Hungry to Help
Three decades after its inception as a nonprofit food bank, Philabundance has evolved to combat an adaptable and persistent enemy
by Walter Ault

Philabundance just might be the perfect embodiment of the ideals underpinning the City of Brotherly Love. Staffed by a group of compassionate individuals, who are assisted by an even larger group of likeminded volunteers and member agencies, Philabundance has spent the past three decades working to alleviate two pervasive problems that have been plaguing the Greater Philadelphia Area for generations: hunger and malnutrition.

Hunger—or “food insecurity,” as it’s known in the Philabundance lexicon—is by no means a new problem. The problem has been worsened by a still-troubled economy, exorbitant food prices and high levels of unemployment and homelessness. Approximately 900,000 people in Philadelphia and surrounding counties are presently struggling to get enough to eat, according to Philabundance data.

Hunger’s toll is much more severe than the pangs of an empty stomach, according to the Greater Philadelphia Coalition Against Hunger. Hungry people are 30 percent more likely to be hospitalized and require longer in-patient stays; twice as likely to need mental health services; and at a significantly higher risk for obesity, because high-calorie options, such as salty snacks and carbonated soft drinks, are less expensive than healthier fresh foods. In addition, coalition data suggests hunger can affect a child’s ability to thrive, as a hungry child is 60 percent more likely to miss school and 50 percent more likely to repeat a grade than a child with food security. 

To combat this persistent enemy, Philabundance has had to grow along with the problem. From its humble beginnings in Roxborough in the early 1980s, Philabundance has become one of the largest food banks in the country, helping 75,000 needy people each week. In the past few years, the organization has distributed more than 30 million pounds of nutritious food annually throughout the nine counties it serves in southeastern Pennsylvania and southern New Jersey.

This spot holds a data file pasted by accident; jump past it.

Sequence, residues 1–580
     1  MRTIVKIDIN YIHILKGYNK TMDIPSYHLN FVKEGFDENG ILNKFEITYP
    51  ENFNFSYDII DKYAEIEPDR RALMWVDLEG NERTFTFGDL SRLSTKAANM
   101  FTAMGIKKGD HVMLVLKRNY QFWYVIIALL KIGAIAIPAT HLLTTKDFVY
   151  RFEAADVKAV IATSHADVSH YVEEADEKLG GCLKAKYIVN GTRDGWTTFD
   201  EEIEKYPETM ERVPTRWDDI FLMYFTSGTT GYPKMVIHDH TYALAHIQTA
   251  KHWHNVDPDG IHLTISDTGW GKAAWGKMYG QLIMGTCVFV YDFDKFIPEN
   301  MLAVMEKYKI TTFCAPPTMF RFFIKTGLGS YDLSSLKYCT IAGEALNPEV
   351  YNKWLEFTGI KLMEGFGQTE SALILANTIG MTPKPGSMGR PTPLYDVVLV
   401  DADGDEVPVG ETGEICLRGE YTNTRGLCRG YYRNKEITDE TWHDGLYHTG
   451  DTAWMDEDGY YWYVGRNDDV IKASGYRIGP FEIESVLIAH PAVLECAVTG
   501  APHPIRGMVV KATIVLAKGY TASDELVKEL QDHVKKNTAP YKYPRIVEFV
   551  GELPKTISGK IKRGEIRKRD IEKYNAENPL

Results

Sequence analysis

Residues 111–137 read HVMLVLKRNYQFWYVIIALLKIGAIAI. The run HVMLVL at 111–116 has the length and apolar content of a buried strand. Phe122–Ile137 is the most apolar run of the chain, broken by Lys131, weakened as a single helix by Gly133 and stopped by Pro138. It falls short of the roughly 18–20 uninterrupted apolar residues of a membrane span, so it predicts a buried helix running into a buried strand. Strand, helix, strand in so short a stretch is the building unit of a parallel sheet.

“It’s a big job, but fortunately we have plenty of help, from caring individuals contributing their time and organizations—local government, restaurants, bakeries, grocery stores—donating both money and food,” says Lindsay Hughes, community relations manager for Philabundance, whose main Hunger Relief Center is based in South Philadelphia. “The generosity of the people in this area is totally amazing. They come through for us year after year.”

Local contributions, in fact, account for the overwhelming majority of Philabundance’s funds. The organization gets only 1 percent of its revenue from the federal government.

“We currently have 17,000 volunteers, 13 trucks for pickup and delivery and over 500 member agencies scattered throughout our coverage area,” Hughes says. “This is our 30th anniversary, and we are proud of the way we’ve grown and of the large number of people we help.”

Interestingly, Philabundance helps in ways other than picking up and delivering food.

“There is a lot of work involved in what we do, and Philabundance helps in multiple ways,” says Liz Peteraf, an administrator with Montgomery County Catholic Social Services, which runs a well-stocked cupboard in Norristown that serves approximately 500 families every month. “In some cases we pick up the food, with everything set up by Philabundance. Also, twice weekly Philabundance makes its own deliveries, bringing us about 1,000 pounds of food per week. Philabundance also helps by determining how much food we can move, does the paperwork involved and even does record keeping for the government,” in terms of tracking tax-deductible contributions for donors.